|Purification of matrix Gla protein from a marine teleost fish, Argyrosomus regius: calcified cartilage and not bone as the primary site of MGP accumulation in fish.
|Simes, DC, Williamson, MK, Ortiz-Delgado, JB, Viegas, CSB, Price, PA, M. Cancela, L
|Year of Publication
|J Bone Miner Res
|Amino Acid Motifs, Amino Acid Sequence, Animals, Base Sequence, Blotting, Northern, Blotting, Western, Bone and Bones, Calcium-Binding Proteins, Cartilage, Cloning, Molecular, DNA, Complementary, Dose-Response Relationship, Drug, Electrophoresis, Polyacrylamide Gel, Extracellular Matrix Proteins, Fishes, Immunohistochemistry, In Situ Hybridization, Molecular Sequence Data, Phosphorylation, Phosphoserine, Protein Structure, Tertiary, Reverse Transcriptase Polymerase Chain Reaction, RNA, Messenger, Sequence Homology, Amino Acid, Serine, Tissue Distribution
Matrix Gla protein (MGP) belongs to the family of vitamin K-dependent, Gla-containing proteins, and in mammals, birds, and Xenopus, its mRNA was previously detected in extracts of bone, cartilage, and soft tissues (mainly heart and kidney), whereas the protein was found to accumulate mainly in bone. However, at that time, it was not evaluated if this accumulation originated from protein synthesized in cartilage or in bone cells because both coexist in skeletal structures of higher vertebrates and Xenopus. Later reports showed that MGP also accumulated in costal calcified cartilage as well as at sites of heart valves and arterial calcification. Interestingly, MGP was also found to accumulate in vertebra of shark, a cartilaginous fish. However, to date, no information is available on sites of MGP expression or accumulation in teleost fishes, the ancestors of terrestrial vertebrates, who have in their skeleton mineralized structures with both bone and calcified cartilage. To analyze MGP structure and function in bony fish, MGP was acid-extracted from the mineralized matrix of either bone tissue (vertebra) or calcified cartilage (branchial arches) from the bony fish, Argyrosomus regius, separated from the mineral phase by dialysis, and purified by Sephacryl S-100 chromatography. No MGP was recovered from bone tissue, whereas a protein peak corresponding to the MGP position in this type of gel filtration was obtained from an extract of branchial arches, rich in calcified cartilage. MGP was identified by N-terminal amino acid sequence analysis, and the resulting protein sequence was used to design specific oligonucleotides suitable to amplify the corresponding DNA by a mixture of reverse transcription-polymerase chain reaction (RT-PCR) and 5'rapid amplification of cDNA (RACE)-PCR. In parallel, ArBGP (bone Gla protein, osteocalcin) was also identified in the same fish, and its complementary DNA cloned by an identical procedure. Tissue distribution/accumulation was analyzed by Northern blot, in situ hybridization, and immunohistochemistry. In mineralized tissues, the MGP gene was predominantly expressed in cartilage from branchial arches, with no expression detected in the different types of bone analyzed, whereas BGP mRNA was located in bone tissue as expected. Accordingly, the MGP protein was found to accumulate, by immunohistochemical analysis, mainly in the extracellular matrix of calcified cartilage. In soft tissues, MGP mRNA was mainly expressed in heart but in situ hybridization, indicated that cells expressing the MGP gene were located in the bulbus arteriosus and aortic wall, rich in smooth muscle and endothelial cells, whereas no expression was detected in the striated muscle myocardial fibers of the ventricle. These results show that in marine teleost fish, as in mammals, the MGP gene is expressed in cartilage, heart, and kidney tissues, but in contrast with results obtained in Xenopus and higher vertebrates, the protein does not accumulate in vertebra of non-osteocytic teleost fish, but only in calcified cartilage. In addition, our results also indicate that the presence of MGP mRNA in heart tissue is due, at least in fish, to the expression of the MGP gene in only two specific cell types, smooth muscle and endothelial cells, whereas no expression was found in the striated muscle fibers of the ventricle. In light of these results and recent information on expression of MGP gene in these same cell types in mammalian aorta, it is likely that the levels of MGP mRNA previously detected in Xenopus, birds, and mammalian heart tissue may be restricted to regions rich in smooth muscle and endothelial cells. Our results also emphasize the need to re-evaluate which cell types are involved in MGP gene expression in other soft tissues and bring further evidence that fish are a valuable model system to study MGP gene expression and regulation.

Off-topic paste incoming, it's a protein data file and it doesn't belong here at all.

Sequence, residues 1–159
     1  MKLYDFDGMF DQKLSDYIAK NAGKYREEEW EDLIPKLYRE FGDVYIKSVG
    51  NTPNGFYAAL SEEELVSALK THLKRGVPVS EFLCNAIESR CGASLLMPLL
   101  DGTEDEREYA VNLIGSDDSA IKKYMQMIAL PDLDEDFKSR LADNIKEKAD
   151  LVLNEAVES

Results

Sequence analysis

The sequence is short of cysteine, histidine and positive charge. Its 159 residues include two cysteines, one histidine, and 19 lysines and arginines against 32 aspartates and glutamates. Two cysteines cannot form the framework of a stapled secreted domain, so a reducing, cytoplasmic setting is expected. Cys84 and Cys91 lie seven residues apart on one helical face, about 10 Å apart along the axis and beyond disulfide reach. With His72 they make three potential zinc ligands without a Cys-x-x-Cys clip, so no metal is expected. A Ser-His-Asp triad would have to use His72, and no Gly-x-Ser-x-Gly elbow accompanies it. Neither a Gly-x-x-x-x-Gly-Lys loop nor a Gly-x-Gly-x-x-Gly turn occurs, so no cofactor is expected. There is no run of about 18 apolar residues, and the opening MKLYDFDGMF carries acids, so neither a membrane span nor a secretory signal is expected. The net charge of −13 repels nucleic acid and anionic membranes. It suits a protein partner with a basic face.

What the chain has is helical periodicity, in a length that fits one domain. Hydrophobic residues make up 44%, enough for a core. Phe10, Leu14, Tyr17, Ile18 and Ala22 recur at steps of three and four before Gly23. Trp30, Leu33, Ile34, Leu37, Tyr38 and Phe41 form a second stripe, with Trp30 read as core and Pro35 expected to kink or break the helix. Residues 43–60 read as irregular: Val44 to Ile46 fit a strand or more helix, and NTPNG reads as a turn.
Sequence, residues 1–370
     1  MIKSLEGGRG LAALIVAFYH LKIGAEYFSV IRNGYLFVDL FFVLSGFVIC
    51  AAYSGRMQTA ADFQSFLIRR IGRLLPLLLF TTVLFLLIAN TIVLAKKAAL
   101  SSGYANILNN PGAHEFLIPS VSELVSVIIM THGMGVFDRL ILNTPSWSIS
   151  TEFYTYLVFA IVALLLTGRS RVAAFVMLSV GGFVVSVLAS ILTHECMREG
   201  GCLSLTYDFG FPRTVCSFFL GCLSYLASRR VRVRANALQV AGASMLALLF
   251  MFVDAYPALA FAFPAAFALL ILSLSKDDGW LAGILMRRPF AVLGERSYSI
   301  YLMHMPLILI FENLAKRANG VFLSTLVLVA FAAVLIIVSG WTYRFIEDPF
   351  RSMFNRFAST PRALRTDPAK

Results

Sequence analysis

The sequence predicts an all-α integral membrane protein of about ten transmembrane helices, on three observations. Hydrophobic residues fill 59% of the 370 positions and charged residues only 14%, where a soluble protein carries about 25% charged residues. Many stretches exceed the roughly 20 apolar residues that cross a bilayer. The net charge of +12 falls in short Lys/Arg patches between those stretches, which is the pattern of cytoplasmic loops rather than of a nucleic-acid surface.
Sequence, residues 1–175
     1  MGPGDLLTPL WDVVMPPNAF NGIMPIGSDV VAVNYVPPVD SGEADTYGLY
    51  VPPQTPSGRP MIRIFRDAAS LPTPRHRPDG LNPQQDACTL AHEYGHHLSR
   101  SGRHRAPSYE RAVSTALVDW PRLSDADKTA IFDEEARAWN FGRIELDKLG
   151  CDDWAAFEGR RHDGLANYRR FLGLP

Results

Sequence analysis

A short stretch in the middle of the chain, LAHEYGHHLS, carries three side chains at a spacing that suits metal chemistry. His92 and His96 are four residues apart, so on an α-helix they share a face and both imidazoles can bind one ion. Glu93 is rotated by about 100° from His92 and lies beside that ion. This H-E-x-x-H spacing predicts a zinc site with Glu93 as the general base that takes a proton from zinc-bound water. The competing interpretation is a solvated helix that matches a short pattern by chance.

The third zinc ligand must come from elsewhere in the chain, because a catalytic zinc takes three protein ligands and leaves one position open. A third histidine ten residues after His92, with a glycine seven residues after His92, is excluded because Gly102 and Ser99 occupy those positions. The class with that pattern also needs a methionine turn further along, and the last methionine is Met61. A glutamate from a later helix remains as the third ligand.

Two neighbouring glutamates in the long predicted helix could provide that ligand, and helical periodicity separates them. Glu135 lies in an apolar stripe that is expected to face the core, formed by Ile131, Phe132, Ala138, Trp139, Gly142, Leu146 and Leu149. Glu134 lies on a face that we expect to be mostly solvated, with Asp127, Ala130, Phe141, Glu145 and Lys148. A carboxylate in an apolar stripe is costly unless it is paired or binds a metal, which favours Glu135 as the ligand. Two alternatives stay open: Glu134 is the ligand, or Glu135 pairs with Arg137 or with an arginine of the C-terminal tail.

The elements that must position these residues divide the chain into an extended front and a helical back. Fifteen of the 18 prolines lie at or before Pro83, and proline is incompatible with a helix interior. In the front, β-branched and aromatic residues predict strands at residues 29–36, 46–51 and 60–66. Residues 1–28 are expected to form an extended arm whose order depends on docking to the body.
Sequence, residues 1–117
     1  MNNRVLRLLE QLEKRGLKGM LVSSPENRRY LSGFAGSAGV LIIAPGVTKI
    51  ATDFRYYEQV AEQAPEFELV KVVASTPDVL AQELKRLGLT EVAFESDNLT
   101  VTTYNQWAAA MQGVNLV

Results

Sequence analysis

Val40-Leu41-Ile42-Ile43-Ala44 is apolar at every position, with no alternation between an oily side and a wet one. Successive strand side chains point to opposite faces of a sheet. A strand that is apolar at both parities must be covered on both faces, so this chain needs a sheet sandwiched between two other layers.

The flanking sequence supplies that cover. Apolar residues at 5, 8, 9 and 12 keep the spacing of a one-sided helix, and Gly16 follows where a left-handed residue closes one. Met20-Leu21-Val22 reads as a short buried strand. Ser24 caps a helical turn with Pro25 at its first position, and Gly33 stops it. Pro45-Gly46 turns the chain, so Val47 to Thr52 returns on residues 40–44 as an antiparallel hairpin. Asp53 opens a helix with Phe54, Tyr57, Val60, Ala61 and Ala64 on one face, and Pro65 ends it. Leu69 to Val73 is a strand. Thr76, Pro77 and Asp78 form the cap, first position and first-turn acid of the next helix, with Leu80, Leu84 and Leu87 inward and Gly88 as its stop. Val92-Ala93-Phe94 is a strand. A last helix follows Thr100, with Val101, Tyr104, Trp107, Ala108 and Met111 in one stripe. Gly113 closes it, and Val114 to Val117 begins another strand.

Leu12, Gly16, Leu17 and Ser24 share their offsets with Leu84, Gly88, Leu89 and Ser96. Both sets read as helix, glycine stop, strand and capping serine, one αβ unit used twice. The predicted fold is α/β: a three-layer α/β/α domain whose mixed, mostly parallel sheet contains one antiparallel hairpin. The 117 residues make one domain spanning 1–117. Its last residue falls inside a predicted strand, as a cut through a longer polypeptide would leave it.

|J. Bone Miner. Res.
|AR25921 / AR / NIAMS NIH HHS / United States